Anthony Hopkins played a strong Lear, with the focus on dotage in a man who couldn’t see what he was doing or what was happening to him, and I thought Emma Thompson was powerful and deliberately understated Goneril. Gloucester’s role seemed to be more foregrounded by the adaptation of the text, and for me this helped to bring out the key theme of loyalty. But I felt that both Edmund and Edgar faded rather into the background.

That old age should give place to the young came across clearly in the paralleled plot and subplot; Lear’s irrationality made it clear initially that one could not take sides between him and his daughters, who came across as sweet reason. It is a play about age and ageing, and the gradual loss of our strength and faculties (cue Jacques’ Seven Ages of Man speech), and as it progresses we are increasingly uncomfortable as we are made to wrestle with reason shading into self-interest and amorality, while the values of love and loyalty come to the fore, yet are cruelly insufficient to avert tragedy.

It’s quite a long time since I read or studied the play, and I think I only ever taught it once, quite early on in my career, as it seemed to be deemed ‘too difficult’ (along with a goodly number of other classic works of english Literature) by the minions in our country’s examination boards… But it’s still the most powerful of all of Shakespeare’s tragedies for me; the two scenes, of the blinded Gloucester’s mock suicide aided by his loyal son, and the deaths of Cordelia and Lear can still bring tears to my eyes. This was a good performance to begin my season with.

Shakespeare in lockdown…

May 2, 2020

Since I retired a few years ago, one of the high points of my calendar has been a Shakespeare course in May which I have been fortunate enough to secure a place on each year; I go to stay at a comfortable manor in rural Oxfordshire, there are talks and explorations of plays, and workshops, and a couple of trips to Stratford to see plays which are in performance that season, with some of the best seats in the house. For a one-time teacher of English, it’s most enjoyable – and this year it cannot happen, and so I won’t be going to see The Winter’s Tale or The Comedy of Errors, both of which would have been firsts for me. You see, I had also promised myself that I would try to see all of the canon in my retirement, and thus far, had been doing quite well…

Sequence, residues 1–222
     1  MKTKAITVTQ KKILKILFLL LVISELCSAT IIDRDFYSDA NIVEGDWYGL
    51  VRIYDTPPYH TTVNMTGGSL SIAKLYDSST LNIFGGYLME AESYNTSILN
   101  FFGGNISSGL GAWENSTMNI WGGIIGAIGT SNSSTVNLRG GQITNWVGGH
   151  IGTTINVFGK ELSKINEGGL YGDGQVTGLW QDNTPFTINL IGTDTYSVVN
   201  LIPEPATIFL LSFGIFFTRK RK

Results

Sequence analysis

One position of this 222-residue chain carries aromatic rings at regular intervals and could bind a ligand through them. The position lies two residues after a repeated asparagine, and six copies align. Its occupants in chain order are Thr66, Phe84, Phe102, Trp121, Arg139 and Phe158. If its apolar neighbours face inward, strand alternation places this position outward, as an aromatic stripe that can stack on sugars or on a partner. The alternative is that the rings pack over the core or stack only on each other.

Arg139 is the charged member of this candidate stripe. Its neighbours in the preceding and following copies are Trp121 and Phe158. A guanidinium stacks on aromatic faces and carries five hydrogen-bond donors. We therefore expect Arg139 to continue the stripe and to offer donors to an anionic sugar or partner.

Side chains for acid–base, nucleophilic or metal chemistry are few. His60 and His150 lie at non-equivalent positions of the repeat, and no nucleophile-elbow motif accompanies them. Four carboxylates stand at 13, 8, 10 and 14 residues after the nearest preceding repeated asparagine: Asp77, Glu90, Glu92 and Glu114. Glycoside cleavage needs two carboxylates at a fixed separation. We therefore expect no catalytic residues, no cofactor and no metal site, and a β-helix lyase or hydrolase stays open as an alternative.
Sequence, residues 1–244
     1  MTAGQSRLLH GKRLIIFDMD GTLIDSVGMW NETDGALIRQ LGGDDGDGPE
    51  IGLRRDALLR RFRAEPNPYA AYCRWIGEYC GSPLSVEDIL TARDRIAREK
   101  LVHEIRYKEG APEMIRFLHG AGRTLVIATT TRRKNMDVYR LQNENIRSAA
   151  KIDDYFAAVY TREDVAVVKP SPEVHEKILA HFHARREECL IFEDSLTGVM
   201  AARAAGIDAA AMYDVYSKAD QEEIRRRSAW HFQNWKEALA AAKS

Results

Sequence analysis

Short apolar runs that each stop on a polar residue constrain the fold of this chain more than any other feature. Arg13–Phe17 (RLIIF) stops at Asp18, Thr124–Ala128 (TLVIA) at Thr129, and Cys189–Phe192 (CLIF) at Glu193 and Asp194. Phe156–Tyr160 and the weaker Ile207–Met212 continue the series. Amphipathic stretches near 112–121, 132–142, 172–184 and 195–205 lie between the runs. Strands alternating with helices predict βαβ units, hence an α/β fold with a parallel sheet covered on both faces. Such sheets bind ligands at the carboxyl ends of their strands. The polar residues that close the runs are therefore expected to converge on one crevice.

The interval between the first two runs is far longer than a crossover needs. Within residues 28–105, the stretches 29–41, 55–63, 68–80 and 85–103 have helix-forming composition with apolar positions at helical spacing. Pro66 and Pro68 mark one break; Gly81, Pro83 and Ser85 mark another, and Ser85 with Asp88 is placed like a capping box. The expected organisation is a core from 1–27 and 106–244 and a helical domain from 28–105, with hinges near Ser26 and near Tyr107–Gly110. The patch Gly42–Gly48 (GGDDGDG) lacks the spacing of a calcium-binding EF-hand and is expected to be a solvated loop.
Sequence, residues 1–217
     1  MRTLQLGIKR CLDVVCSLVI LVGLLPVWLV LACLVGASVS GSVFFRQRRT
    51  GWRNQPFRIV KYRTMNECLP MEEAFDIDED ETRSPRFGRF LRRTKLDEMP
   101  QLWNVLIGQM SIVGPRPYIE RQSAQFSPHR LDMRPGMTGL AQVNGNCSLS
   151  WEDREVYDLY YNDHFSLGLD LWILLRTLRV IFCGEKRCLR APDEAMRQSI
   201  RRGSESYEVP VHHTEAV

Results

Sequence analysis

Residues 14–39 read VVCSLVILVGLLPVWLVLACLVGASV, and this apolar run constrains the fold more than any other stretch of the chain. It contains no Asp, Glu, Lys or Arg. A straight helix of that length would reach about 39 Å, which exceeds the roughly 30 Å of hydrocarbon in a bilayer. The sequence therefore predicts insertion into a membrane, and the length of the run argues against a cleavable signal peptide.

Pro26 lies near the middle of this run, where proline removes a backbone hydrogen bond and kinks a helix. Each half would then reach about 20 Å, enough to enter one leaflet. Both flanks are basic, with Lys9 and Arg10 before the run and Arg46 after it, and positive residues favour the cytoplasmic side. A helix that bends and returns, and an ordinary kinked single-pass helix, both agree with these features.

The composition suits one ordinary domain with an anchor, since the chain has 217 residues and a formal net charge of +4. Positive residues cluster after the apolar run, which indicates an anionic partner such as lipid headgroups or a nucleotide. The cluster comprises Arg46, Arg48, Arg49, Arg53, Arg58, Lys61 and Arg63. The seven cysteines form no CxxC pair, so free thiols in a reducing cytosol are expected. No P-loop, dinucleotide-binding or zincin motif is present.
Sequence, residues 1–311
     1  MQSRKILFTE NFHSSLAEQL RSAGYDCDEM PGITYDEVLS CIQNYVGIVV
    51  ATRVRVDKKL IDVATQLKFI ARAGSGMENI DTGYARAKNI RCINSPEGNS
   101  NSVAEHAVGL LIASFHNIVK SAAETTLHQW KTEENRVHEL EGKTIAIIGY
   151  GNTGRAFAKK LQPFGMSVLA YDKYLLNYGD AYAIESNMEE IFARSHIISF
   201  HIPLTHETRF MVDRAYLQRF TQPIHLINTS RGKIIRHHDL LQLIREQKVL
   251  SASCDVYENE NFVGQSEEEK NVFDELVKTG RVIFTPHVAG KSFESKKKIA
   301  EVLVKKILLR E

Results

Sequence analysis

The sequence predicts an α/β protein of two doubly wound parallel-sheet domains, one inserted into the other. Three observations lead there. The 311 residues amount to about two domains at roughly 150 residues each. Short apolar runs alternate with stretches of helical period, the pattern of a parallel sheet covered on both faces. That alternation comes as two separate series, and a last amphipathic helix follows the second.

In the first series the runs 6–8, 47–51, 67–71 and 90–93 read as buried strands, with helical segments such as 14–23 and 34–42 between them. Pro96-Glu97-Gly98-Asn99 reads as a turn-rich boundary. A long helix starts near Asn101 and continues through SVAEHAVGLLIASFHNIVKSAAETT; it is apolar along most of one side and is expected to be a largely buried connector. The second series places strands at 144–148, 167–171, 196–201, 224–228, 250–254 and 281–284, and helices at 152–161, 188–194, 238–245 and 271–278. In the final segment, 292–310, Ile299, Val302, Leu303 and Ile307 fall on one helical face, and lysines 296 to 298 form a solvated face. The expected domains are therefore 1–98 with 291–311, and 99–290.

So far I have seen a number of plays for the first time, and others in rather better performances than some of those which were put on for schools audiences back in the day. And what has been becoming ever clearer to me is the wide range of possible interpretations it is possible for a director and actors to give to a play, how a play comes to life onstage, and how skilled Shakespeare was in his craft, in terms of leaving so much open at the end of a play.

Exploring the language, and how skilled actors bring it to life and can shape an interpretation, was the subject of many of our workshops, and we often had the pleasure of these being led by Jane Lapotaire, the well-known Shakespeare actor, who also had many interesting stories from her acting life with the RSC and other companies. More than anything, it has been wonderful not to be the teacher, but to be taught, to learn and to get new perspectives on Shakespeare, to explore and discuss with equals.

I have collected a number of DVDs of performances of a wide range of plays, some which I’d previously seen onstage, others new to me, and I have been somewhat remiss in watching them, so I hatched a plan to make up for my missing Shakespeare week this year by trying to watch them, and I shall be reporting back here.

If you are interested in what I wrote about previous performances I’ve seen, then searching this blog for ‘RSC’ should get you there…

On annihilation

February 1, 2020

A recent death in the family has inevitably had me reflecting on endings, disappearances, and what happens next. And while I have a faith and a spiritual life of sorts, I cannot think that there will be anything to come hereafter, in which I may have any connection to, knowledge or comprehension of this life which I have been enjoying for so long.